CBS Signs Commitment To Audition Actors With Disabilities

As networks become more aware of the demand for representation of marginalized communities in their series, one community, in particular, is in need of some shine: those with disabilities. In a landmark move, CBS has become the first entertainment company to sign the Ruderman Family Foundation’s pledge to commit to auditioning actors with disabilities.

A leader in disability inclusion, the Ruderman Family Foundation has been on a campaign to improve the portrayal of disabilities in entertainment, and increasing the number of roles that cast actors with disabilities. They have made a call of action to studios, networks and production companies to make the commitment of auditioning actors with disabilities with each new production picked up to series — and CBS is the first to commit.

“We take pride in our commitment to cast and hire people with disabilities in our productions,” CBS Entertainment EVP, Diversity, Inclusion & Communications Tiffany Smith-Anoa’i said. “We salute the Ruderman Family Foundation for advocating for this very achievable and important goal.”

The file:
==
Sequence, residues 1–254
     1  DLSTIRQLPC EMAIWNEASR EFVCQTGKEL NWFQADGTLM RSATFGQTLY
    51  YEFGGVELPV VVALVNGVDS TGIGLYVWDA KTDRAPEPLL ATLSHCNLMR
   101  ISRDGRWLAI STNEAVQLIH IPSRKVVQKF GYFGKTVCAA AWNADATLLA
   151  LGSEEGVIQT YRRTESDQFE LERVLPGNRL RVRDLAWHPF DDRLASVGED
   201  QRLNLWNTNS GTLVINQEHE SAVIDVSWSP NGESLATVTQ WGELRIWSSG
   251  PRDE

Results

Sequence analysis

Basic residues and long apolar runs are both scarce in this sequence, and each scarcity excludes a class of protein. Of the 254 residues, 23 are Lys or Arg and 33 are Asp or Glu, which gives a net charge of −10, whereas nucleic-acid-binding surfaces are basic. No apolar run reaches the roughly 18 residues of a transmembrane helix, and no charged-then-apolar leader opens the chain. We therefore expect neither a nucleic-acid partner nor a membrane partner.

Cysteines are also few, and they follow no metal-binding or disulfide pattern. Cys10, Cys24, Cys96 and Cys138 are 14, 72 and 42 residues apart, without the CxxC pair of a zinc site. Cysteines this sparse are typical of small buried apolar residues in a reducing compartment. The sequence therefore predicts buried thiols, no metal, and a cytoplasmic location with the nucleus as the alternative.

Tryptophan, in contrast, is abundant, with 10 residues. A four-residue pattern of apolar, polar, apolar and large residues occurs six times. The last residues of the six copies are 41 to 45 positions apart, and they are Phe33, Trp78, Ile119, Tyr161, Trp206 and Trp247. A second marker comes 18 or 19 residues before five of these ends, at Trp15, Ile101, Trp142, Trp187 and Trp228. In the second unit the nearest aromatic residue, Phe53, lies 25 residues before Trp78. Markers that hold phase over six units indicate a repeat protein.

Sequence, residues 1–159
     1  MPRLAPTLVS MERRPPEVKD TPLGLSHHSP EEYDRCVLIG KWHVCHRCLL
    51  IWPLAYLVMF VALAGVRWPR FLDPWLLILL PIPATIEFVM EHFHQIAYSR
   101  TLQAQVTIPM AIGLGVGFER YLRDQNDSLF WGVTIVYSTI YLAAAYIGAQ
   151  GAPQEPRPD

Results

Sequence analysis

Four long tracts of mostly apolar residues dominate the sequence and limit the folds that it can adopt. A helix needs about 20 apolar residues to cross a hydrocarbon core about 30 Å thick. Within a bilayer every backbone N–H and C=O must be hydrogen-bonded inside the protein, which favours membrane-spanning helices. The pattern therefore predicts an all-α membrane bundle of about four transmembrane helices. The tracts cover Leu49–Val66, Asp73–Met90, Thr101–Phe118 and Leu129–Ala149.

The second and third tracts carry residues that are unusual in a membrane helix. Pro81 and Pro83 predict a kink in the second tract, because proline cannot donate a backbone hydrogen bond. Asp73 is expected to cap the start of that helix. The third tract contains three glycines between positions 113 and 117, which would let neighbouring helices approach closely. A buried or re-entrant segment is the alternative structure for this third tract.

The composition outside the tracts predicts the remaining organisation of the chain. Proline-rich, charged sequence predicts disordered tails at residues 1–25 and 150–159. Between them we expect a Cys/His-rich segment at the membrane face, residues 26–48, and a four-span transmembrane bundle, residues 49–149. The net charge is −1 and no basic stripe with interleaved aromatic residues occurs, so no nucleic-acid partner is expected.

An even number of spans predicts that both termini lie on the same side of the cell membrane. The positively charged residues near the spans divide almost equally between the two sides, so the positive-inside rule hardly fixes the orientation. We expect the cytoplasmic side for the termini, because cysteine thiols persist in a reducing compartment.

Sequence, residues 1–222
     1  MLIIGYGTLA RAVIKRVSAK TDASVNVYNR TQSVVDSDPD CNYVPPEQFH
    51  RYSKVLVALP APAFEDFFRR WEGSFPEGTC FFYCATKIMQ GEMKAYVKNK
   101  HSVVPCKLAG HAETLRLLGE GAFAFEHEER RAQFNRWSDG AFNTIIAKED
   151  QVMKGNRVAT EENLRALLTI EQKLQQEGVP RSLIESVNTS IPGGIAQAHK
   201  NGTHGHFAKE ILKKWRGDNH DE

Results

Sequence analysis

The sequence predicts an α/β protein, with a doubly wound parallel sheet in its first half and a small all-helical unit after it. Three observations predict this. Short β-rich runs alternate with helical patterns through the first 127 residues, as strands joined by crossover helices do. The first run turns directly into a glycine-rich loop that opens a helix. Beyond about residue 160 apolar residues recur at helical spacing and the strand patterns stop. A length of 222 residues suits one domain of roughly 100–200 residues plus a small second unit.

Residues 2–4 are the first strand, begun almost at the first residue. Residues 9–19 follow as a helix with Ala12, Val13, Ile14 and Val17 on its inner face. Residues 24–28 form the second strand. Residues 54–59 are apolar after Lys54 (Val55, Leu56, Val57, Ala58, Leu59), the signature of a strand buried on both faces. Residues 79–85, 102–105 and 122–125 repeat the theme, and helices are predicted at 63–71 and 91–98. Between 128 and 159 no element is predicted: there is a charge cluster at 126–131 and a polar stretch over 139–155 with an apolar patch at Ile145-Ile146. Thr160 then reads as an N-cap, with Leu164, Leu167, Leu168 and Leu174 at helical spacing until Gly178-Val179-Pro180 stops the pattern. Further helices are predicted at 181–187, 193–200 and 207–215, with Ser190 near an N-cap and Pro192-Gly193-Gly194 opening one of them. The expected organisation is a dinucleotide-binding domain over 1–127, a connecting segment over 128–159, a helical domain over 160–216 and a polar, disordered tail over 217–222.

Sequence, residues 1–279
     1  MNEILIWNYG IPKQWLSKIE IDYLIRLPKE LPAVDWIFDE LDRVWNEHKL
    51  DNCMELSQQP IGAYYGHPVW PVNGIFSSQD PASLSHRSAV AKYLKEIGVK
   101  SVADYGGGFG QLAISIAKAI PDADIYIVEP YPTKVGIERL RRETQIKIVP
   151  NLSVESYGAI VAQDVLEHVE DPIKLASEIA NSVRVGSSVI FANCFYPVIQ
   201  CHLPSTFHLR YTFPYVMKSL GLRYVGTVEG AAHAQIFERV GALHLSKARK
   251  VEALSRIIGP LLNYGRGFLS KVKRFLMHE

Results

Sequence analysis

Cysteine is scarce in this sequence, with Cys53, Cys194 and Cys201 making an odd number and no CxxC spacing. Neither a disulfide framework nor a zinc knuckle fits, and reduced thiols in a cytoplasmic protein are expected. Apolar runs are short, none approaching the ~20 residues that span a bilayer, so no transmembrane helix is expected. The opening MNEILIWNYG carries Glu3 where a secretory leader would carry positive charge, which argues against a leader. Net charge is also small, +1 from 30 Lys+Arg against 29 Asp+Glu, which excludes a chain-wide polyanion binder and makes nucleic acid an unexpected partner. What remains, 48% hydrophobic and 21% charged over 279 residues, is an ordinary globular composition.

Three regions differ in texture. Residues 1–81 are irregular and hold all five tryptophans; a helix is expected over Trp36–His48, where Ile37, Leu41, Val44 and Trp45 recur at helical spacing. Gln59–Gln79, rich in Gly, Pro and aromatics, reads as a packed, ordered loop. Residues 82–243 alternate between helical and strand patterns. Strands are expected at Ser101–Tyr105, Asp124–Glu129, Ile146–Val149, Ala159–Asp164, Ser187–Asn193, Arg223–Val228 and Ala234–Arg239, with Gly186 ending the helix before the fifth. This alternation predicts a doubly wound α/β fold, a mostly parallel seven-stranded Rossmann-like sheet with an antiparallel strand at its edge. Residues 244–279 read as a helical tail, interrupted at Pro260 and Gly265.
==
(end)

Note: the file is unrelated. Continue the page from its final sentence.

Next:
When it comes to inclusion of the disabled communities in television programming, CBS has already started. NCIS: New Orleans was one of the first series this spring to receive the Foundation’s Seal of Authentic Representation, for its casting of Daryl “Chill” Mitchell in the role of agent Patton Plame.

“The Ruderman Family Foundation commends CBS for its leadership in becoming the first major media company to pledge to audition actors with disabilities for roles in their productions,” Foundation President Jay Ruderman said. “It is our hope that other major media companies will follow their lead and foster opportunities that will lead to more authentic representation of people with disabilities in popular entertainment. Enhanced visibility of disability on screen will help reduce stigmas people with disabilities face in everyday life.”

The news comes after Ali Stroker won a Tony award for her role in Broadway’s Oklahoma. She made history by being the first actor to win a Tony in a wheelchair.

The Ruderman Family Foundation’s pledge reads:
1. “We recognize that disability is central to diversity, that the disability community comprises the largest minority in our nation, and that people with disabilities face seclusion from the entertainment industry;
2. “We understand that increasing auditions, no matter the size of the role, is a critical step toward achieving inclusion in the industry;
3. “This studio pledges to increase the number of actors and actresses with disabilities who audition for parts in television and film.”

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